V: So my pain began literally overnight 24/7 in 2013. I had many years where I’d seen various different specialists but didn’t have a diagnosis; I had a lot of experience of healthcare professionals disbelieving me and making me feel like it was in my head. At one point I was actually referred to psychiatry but was discharged from them immediately. They said it wasn’t the right place to be.

Over the years I was diagnosed with fibromyalgia and endometriosis. I’ve had a few surgeries for endometriosis and two years ago I had a hysterectomy for a condition called adenomyosis.

It was a long recovery but since then, working on self-management and then therapy to help with the mental health side of things. I’ve accepted the pain and through accepting it, that’s helped me move on in life and get back into sort of, I guess what you would call a more “standard life”; working and not everything being affected by pain. Difficulty leaving the house, I don’t have that anymore. I feel like I don’t see pain as my identification anymore, which I did before.

L: I’d like to add to that because of my perspective, living with Vicki at university and knowing Vicki then. We had a good time; we would go out and we would drink and dance. And then I remember back in 2013 when she started getting the first symptoms and I think you were saying you got pain in your hands.

Then sort of gradually seeing it; her telling me about it progressing and you can’t really do anything to help and it just gradually getting worse. And then we’d be talking, and she’d be saying how she’s been going back and forth to specialists and GPs and it would be a very long and frustrating process and you can’t do anything.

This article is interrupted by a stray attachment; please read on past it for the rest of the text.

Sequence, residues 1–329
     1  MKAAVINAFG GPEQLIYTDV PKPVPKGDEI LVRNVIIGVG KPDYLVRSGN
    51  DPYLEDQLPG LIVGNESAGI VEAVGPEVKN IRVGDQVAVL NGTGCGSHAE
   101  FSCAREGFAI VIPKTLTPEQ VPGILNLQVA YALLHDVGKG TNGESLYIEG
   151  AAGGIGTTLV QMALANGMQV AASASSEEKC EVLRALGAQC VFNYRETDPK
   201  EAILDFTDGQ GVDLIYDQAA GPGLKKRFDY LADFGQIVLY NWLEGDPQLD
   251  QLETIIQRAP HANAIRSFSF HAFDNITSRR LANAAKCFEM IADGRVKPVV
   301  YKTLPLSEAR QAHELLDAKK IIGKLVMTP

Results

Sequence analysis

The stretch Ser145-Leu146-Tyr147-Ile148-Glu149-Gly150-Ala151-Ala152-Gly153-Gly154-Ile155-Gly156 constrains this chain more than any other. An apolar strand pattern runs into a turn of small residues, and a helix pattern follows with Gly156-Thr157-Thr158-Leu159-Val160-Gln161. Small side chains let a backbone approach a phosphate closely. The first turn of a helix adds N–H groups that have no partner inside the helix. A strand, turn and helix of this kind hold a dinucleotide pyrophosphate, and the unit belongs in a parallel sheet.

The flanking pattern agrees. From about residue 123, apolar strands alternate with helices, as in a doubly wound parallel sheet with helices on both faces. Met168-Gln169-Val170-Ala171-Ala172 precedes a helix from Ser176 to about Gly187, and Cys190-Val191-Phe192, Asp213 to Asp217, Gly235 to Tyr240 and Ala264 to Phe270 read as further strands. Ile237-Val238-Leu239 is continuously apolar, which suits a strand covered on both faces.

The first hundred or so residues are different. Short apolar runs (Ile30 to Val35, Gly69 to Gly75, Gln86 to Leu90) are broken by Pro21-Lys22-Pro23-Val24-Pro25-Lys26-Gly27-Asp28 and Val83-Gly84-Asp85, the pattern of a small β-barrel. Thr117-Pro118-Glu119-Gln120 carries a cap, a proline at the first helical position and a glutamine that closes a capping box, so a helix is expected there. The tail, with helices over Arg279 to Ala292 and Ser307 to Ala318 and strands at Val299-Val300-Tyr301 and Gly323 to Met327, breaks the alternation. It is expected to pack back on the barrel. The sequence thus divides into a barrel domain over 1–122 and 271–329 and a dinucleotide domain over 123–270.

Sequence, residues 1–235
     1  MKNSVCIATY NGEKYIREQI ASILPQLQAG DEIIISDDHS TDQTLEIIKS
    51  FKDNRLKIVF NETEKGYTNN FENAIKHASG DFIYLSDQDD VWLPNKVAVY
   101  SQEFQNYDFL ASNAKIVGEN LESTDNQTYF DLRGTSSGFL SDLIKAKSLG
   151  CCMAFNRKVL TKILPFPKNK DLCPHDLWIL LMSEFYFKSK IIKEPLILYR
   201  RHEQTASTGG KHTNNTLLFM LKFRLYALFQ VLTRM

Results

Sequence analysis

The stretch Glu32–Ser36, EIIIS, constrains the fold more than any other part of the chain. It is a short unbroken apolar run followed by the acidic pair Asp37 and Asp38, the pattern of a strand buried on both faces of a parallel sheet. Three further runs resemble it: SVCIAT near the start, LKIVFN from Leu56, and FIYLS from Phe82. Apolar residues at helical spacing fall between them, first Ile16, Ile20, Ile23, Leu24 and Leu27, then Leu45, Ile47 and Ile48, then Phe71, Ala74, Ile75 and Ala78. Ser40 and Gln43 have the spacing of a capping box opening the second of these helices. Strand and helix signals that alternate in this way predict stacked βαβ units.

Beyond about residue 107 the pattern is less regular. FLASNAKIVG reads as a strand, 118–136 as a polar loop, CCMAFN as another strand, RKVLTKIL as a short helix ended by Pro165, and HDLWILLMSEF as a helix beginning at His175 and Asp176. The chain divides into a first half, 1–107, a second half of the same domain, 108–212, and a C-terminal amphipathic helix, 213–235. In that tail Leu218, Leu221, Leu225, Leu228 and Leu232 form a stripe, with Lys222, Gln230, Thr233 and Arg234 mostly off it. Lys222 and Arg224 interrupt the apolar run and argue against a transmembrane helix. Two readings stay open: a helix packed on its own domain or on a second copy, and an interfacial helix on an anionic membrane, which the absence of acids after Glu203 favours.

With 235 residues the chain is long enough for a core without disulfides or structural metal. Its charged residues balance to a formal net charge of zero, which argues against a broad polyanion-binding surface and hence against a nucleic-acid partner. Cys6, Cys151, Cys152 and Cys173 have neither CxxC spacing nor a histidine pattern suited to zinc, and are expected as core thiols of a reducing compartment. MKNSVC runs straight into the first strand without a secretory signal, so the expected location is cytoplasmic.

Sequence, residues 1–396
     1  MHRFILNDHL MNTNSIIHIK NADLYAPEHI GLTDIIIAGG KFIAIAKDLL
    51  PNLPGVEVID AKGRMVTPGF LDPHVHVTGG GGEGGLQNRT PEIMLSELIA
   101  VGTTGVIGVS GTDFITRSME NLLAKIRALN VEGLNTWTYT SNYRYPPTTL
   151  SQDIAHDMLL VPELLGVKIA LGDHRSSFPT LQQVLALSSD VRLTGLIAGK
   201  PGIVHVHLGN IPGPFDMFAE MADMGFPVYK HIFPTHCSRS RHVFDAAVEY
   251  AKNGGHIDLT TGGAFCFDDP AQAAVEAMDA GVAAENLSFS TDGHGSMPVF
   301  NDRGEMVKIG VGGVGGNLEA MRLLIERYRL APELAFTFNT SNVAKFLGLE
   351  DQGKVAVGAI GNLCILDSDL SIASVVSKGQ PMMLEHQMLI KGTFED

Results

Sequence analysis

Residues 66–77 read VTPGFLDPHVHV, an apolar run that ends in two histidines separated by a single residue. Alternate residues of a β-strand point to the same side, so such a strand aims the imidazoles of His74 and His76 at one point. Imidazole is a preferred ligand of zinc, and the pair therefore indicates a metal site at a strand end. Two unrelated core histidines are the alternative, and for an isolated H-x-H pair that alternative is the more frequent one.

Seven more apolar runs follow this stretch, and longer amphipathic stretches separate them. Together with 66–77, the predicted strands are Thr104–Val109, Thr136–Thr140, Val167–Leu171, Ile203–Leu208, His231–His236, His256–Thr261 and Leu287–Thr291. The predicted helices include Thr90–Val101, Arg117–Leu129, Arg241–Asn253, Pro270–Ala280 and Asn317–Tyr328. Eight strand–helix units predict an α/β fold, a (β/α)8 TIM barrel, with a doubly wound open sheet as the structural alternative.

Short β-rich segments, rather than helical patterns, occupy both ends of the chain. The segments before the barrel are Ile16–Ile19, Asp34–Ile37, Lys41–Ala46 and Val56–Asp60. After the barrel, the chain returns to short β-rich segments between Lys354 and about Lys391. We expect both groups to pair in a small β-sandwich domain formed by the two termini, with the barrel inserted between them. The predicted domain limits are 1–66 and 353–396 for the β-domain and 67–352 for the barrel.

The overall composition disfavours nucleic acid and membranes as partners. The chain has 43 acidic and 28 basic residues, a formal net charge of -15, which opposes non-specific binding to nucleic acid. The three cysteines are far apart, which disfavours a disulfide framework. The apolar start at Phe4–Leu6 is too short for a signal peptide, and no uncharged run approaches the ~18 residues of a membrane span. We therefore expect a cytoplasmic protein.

We would try and meet up near Sheffield and it would be “how’s your pain today, Vicki? How are you feeling?” And it may be that we don’t meet today, we’ll catch up another time and then if we could meet up, it was really difficult to see Vicki not being able to do much because the pain was so bad that she just needed to sit down, and that was quite upsetting as a friend watching her go through that.

It’s been really great to see her gradually, like she said, getting her life back on track and back together and now seeing her being able to do things, go to the theatre and come and visit us in Brighton. That’s been really nice. It’s been a long journey for her and I think if I was in that situation, I don’t think I would have been as resilient and as strong as she has and as positive.

V: That’s really kind Liz. I’m not just saying that you honestly did help. I always find as well as the support you’re fun and upbeat, finding humour. For me to see the funny side of things has really helped. I think humour is a good, well at least for me, coping mechanism.

B: If you could be at the finish line with Liz, what would you say as she crosses that line?

V: Well, other than the obvious of well done and thanks for raising money for Pain Concern to just say thank you generally, she’s helped me a lot living with pain. I’m in a lot of a better position now in terms of self-management and being back in work and exercising, but just generally throughout the years when I’ve had a tough time, often with pain, you end up losing friendship.

So, for example, you might not be able to attend events, so people stop inviting you and you just generally lose touch. But that’s not been the case at all with Liz. She’s always been really understanding and supportive. So, I just wanted to show my appreciation to her because I really do value it.

L: Ooh, that’s lovely. Thank you.

Liz completed her run and raised £550 for Pain Concern – if you’ve been inspired by Liz and Vicki’s story, please consider fundraising or donating to Pain Concern: